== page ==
Aussie synchrotron in doubt after Victoria pulls funding
Spiked by price tag and politics
The Victorian state government has put the future of the Australia Synchotron in doubt by saying it will not continue to fund the operation of the facility.
The synchrotron, built in Melbourne by the previous ALP state government, cost A$200 million to build. However, it’s the operational cost that the new Liberal state government cites for its decision.
The Victorian state budget handed down last week didn’t provide any new funds for operating the facility, with state innovation minister Louise Asher, a long-time critic of the facility, telling The Sunday Age in Melbourne that it will “have to go through the budget expenditure and review committee process” (colloquially known in Australia as a “razor gang”).
The 3 GeV facility has never reached full operational status. It has the capacity to run 30 beams when fully funded, the Australian Synchrotron has only been able to bring nine beams into operation. This is in stark contrast to more rosy claims last year that the synchrotron was running “at 98 percent capacity”.
The synchrotron charges for “beam time”, but it has not generated sufficient income to be viable in its own right.
Last year, the facility was the centre of another political firestorm when former premier John Brumby sacked the project’s director. Even then, it was known that the facility had failed to secure funding beyond 2012. ®
we should get the priorities right
Any cent paid for scientific, peaceful research, no mater how "useless" it might seem at the time, is 100 times better than a cent paid for military equipment, even military inspired technology research.
And the budget spend WORLDWIDE for all scientific research on all levels together, including big installation like the LHC, are a fraction of what the largest nations spend in military budget EACH.
When single persons have the power direct such large sums of money according to their personal preferences and believe regardless the wider impact on the common good you KNOW something stinks in the land on Denmark.
Then again, every nation has a government no better than they deserve... :-P
And yes, there is a lot of tax money wasted everywhere for entertainment of the "panem et circensis" variety, for which we pay another premium in healthcare costs (apart from common believe watching sports has NO positive effect on your physiology- and the protagonists' achievements are NOT yours!).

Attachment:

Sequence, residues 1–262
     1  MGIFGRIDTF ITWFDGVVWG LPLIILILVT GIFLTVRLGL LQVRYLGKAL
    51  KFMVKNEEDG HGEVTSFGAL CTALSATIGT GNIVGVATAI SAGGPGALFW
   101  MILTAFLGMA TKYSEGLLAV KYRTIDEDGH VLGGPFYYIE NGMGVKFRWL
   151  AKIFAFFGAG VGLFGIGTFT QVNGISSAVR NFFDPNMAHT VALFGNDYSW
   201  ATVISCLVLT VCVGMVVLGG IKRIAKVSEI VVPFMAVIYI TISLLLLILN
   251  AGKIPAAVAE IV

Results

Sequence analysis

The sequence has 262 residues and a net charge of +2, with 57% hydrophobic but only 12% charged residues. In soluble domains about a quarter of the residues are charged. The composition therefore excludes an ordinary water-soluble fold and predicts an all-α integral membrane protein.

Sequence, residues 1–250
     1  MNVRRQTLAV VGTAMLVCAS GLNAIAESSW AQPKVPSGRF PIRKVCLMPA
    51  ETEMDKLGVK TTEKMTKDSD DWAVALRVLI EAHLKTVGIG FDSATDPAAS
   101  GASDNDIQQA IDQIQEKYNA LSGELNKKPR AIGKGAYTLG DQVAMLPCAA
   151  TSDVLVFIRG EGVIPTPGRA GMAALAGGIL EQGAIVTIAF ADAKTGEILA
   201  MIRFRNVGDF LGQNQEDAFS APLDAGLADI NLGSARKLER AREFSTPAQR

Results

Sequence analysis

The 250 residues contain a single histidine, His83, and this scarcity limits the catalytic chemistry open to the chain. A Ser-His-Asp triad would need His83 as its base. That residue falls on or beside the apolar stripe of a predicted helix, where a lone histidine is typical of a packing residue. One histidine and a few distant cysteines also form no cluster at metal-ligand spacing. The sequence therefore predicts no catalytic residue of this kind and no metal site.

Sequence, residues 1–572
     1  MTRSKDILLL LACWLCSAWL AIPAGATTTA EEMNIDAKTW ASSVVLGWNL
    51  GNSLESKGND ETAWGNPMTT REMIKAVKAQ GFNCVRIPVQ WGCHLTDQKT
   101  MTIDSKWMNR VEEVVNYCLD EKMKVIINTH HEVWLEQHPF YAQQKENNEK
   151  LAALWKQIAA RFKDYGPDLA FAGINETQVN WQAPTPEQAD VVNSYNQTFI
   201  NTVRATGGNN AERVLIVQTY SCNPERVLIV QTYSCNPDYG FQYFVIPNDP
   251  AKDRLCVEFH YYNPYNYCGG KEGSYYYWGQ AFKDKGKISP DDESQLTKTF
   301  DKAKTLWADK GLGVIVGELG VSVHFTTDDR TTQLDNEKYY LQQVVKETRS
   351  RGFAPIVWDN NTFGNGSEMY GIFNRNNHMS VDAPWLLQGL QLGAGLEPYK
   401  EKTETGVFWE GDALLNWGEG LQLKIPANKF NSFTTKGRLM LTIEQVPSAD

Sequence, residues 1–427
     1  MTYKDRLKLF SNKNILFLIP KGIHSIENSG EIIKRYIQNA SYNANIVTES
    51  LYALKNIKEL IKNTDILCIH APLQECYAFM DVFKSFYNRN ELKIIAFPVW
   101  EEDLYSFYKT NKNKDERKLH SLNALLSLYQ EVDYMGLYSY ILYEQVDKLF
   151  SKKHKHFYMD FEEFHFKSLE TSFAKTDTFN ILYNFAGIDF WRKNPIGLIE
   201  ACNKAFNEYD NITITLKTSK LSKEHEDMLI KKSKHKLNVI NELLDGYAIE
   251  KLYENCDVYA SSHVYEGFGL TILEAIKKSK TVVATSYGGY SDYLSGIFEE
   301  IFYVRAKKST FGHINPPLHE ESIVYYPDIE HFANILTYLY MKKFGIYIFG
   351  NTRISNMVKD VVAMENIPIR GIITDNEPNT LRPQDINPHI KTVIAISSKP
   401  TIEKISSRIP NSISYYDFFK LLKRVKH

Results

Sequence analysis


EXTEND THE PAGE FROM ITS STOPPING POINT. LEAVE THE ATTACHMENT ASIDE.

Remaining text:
Lowest common denominator got them elected
There's money for circus tricks, footy and sports, no money for research or infrastructure, and the tabloid-reading public lap it up.
Victorian state government is too busy forking over more than $50 million a year to Bernie Ecklestone to run a gran prix that nobody except the TV channels want in a city park where nobody except the government wants it.
They do a lot of worthwhile research.
The AS do do a lot of worthwhile and cutting edge science. Without such facilities a lot of scientists can't actually do their research, but have to go overseas. This facility will more than reap it's investment in terms of scientific output, but that's never attributed to the synchrotron itself but the visiting teams that do the research. These visiting teams do not have to pay to use the AS as it's a free "user facility" for academics. If they paid, then academics could not afford it.
Besides, the AS will be bringing in a lot of fringe benefits, such as companies that decide to move to a hitech area, or from companies that supply the synchrotron, or highly trained scientists moving to the area, etc.
By the arguments in this article, and Mat's above, we should cut other facilities such as the Australia Telescope National Facility, etc, or at least charge scientists millions of dollars to use it.
I'd be interested to know what real science and scientists the money should be redirected to? Medical research? (did you know a lot of medical researchers use it?)